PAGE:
Paintbrushes

The 7 principles of art

By BBC Maestro

Do you ever look at a painting and think, “Yes – that looks perfect!” or alternatively, “There’s something not quite right about this…”?

That’s down to how the artist has worked with the seven principles of art, which determine how all the elements of an artwork are pulled together to create something special.

While our response to the finished artwork tends to be instinctive rather than analytical, the principles themselves are quite a technical way to approach painting. In this article, we’ll take a closer look at what they are and how artists use them.

What are the principles of art?

The principles of art determine how harmonious an artwork is. The seven principles of balance, movement, rhythm, pattern, contrast, unity and emphasis allow the artist to pull together their work in such a way that the audience has a better understanding of their vision.

These seven principles are based on another list of seven: the elements of art. Before we examine the principles in more detail, here’s a quick rundown of these elements.

The elements of art

The seven elements are the building blocks of any artwork. When combined, they create the principles, which in turn make up the overall composition of the piece.

Think of a painting as putting together a complete outfit to wear. The principles are the garments (trousers, a sweater, socks, etc), and the elements are things like the fabrics, buttons, dyes, and stitches that the garments are made up of. There are usually seven elements of art, which are:

  1. Line ­– thick, thin, straight, curved, implied, dotted, diagonal—is the most important element in art.
  2. Shape – when the lines are enclosed, a 2D shape is formed. The shape can be positive (a square, for example) or negative (the space outside the square).
  3. Form – This is a shape that has added depth to create an implied 3D form. Think of form as a cube as opposed to a square.
  4. Space – this is what’s around or inside an object or in between two or more objects.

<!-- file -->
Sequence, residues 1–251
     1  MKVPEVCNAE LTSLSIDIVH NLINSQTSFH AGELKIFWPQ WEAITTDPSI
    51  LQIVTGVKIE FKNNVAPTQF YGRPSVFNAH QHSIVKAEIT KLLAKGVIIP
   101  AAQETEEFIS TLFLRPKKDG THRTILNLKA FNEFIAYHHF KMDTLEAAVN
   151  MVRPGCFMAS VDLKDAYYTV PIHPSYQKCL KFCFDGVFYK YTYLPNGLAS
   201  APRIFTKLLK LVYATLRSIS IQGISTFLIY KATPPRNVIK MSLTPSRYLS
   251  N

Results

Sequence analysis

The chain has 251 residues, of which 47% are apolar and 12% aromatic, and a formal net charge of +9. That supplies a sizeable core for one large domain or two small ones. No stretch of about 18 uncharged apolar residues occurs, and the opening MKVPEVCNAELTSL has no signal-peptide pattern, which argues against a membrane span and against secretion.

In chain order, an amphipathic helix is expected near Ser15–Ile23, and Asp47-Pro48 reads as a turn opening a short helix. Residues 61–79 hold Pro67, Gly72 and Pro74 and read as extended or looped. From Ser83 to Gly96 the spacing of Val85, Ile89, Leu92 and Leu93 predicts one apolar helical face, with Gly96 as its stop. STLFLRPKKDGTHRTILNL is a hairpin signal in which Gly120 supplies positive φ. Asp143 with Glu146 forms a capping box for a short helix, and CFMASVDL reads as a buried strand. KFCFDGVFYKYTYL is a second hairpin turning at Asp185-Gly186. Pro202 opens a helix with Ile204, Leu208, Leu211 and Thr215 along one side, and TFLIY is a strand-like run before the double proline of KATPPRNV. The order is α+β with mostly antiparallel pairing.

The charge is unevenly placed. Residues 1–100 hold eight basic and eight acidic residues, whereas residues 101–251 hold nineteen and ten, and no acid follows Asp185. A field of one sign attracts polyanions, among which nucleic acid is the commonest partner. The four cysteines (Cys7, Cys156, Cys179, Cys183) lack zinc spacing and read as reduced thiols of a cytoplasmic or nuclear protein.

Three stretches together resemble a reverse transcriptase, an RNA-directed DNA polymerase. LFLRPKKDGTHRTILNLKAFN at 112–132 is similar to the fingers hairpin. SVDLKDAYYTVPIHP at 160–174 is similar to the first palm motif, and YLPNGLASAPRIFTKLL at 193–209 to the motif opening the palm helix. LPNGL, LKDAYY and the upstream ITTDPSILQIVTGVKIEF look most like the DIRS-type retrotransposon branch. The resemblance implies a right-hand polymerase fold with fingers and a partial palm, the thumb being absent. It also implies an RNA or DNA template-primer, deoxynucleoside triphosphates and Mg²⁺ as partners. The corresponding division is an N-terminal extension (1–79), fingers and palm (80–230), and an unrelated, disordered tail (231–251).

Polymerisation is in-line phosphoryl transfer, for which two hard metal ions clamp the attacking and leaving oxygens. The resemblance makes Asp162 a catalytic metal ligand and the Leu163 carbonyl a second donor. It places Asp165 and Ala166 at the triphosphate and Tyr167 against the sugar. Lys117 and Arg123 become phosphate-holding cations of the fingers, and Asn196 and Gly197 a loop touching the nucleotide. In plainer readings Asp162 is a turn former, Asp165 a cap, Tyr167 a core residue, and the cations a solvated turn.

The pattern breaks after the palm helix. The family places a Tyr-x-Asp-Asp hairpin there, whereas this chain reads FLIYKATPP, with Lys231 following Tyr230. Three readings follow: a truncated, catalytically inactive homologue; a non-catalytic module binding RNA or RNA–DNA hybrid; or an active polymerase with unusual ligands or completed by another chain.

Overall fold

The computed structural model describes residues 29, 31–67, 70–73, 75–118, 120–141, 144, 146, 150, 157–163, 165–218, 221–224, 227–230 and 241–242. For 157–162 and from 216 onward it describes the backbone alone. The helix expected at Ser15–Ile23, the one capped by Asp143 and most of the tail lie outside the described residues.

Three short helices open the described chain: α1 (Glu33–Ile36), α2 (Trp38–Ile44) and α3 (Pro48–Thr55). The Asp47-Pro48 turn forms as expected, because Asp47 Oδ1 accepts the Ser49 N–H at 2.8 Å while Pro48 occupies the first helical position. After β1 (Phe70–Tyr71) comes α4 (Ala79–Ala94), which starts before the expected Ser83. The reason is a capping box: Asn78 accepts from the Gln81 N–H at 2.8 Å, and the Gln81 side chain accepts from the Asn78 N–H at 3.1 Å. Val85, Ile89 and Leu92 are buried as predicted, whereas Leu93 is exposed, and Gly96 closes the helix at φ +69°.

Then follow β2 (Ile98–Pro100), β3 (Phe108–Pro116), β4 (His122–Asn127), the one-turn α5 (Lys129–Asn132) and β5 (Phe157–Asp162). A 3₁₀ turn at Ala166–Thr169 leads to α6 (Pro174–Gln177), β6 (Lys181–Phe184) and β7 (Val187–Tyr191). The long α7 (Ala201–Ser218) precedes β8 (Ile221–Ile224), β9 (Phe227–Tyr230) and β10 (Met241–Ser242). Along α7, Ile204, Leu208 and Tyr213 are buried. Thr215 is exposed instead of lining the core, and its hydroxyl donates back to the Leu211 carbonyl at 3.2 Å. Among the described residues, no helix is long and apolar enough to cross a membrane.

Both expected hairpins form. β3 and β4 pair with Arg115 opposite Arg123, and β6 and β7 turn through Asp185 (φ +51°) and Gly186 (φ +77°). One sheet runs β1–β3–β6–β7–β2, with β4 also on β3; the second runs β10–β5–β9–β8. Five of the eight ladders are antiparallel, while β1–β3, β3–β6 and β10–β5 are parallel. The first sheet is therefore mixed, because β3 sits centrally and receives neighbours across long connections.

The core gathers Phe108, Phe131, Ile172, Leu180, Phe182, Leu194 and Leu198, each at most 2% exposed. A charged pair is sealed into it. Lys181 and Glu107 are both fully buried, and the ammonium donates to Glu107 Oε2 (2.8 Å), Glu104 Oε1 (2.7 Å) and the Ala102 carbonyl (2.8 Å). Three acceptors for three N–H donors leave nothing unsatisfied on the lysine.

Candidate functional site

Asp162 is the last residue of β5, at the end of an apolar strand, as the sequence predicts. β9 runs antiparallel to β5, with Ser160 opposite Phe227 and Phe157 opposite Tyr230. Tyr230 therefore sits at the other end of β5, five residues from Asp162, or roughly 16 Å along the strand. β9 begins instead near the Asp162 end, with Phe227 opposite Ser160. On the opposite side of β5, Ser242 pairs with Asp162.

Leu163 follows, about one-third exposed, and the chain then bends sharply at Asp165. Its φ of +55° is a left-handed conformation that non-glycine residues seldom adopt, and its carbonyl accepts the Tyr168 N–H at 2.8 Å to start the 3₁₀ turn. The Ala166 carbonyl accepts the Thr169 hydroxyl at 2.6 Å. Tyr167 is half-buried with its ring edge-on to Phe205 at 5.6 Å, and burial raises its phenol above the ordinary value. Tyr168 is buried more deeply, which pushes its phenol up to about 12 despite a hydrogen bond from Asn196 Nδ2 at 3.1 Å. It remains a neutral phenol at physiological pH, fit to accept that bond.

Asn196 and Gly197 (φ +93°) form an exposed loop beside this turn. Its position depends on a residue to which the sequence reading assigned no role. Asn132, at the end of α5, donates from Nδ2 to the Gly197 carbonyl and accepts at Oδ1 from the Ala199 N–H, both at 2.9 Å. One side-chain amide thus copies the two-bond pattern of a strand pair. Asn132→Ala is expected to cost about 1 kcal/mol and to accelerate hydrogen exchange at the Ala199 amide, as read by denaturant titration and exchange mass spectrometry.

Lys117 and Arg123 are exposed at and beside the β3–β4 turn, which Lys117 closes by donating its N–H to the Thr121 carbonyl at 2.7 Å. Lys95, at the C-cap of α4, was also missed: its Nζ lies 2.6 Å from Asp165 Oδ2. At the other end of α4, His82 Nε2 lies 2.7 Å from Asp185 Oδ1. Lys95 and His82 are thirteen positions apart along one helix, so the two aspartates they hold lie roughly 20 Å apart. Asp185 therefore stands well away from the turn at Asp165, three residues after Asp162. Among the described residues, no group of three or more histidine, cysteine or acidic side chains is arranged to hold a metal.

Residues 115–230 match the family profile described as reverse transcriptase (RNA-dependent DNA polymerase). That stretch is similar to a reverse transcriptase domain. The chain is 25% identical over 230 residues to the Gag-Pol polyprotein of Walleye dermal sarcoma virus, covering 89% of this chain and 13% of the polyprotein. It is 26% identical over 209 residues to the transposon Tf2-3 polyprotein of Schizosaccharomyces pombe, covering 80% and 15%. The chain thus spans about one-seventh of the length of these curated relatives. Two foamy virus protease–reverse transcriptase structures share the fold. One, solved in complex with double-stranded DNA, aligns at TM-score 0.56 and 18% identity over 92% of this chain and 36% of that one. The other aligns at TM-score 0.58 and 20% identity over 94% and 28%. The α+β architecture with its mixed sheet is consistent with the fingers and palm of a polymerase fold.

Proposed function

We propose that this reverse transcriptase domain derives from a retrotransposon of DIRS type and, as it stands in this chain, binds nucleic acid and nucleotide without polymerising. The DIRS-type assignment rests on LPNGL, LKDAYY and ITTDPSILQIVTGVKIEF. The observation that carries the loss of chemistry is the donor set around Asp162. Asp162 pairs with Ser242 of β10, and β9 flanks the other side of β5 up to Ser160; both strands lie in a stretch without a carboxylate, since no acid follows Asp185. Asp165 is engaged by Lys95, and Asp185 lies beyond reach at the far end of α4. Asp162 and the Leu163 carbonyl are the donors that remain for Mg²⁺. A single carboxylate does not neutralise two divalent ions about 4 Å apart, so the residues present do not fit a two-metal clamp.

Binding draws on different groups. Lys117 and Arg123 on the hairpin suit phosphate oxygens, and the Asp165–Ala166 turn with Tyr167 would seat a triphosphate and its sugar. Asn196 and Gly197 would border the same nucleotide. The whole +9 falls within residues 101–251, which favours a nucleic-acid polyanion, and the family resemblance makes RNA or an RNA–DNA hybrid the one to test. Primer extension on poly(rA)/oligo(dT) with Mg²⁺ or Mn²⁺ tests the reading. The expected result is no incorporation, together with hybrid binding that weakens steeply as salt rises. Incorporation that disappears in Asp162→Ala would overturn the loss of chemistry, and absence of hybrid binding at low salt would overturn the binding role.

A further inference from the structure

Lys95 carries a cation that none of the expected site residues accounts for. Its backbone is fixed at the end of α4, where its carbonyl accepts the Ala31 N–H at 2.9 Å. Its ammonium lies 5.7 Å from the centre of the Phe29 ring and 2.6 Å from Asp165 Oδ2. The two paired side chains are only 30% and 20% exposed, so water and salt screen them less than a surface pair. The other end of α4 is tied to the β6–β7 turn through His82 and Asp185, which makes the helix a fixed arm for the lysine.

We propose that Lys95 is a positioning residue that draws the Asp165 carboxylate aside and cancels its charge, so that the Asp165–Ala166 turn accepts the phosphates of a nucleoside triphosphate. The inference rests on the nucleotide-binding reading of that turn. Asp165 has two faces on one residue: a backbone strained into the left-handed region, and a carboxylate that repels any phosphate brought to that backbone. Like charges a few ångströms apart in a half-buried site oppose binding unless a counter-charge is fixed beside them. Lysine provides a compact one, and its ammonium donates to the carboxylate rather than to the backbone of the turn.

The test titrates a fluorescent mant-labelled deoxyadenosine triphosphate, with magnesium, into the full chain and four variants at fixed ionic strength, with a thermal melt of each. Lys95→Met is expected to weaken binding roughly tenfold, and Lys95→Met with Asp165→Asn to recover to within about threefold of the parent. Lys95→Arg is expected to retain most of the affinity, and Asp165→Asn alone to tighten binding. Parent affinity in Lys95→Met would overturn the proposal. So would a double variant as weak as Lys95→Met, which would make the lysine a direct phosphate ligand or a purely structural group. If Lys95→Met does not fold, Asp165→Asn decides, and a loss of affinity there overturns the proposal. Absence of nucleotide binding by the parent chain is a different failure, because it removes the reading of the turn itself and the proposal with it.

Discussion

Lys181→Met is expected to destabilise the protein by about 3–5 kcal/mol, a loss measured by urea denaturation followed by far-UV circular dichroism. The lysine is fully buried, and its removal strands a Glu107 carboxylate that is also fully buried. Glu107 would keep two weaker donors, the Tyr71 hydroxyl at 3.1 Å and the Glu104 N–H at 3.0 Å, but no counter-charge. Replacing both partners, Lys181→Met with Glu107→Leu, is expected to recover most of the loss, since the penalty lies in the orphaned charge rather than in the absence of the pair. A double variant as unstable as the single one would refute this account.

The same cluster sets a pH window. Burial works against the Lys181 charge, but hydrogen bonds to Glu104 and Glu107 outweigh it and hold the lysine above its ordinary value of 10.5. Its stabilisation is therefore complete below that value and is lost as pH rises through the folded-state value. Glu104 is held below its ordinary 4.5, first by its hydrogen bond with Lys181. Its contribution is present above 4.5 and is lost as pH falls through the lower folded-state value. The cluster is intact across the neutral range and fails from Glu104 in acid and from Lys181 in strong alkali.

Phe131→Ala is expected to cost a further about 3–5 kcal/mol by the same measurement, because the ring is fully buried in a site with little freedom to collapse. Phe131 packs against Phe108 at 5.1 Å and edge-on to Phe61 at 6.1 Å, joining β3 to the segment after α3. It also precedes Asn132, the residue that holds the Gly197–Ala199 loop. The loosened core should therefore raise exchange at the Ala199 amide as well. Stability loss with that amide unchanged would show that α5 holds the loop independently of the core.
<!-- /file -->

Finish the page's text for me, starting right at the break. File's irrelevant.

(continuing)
5. Texture – in 2D painting, the artist creates the impression of texture – look at the incredible grass in the Renoir painting above. In mixed media artwork, the different materials help to create texture.
  6. Value – there’s a scale of how light or dark something is, which is used to create contrasts and highlights.
  7. Colour – made up of primary colours, secondary colours (created by mixing primary colours) and tertiary colours (made up of the other two).

The principles are a combination of elements, with different artists giving greater weight to some over others. We’re about to look at a painting by Sir John Everett Millais, a member of the Pre-Raphaelite Brotherhood, who placed great emphasis on colour and texture in his work.

The 7 principles of art

The principles of art are how those seven elements are combined to create something unique. The painting above is called ‘Mariana’, and it was painted in 1851 by Pre-Raphaelite artist Sir John Everett Millais. Its vivid colours and striking composition make it a useful example for illustrating the seven principles of art.

1. Balance

The balance principle of art refers to how the different elements in the artwork are weighted. That feeling when something doesn’t simply look quite right, is often down to the work being out of balance.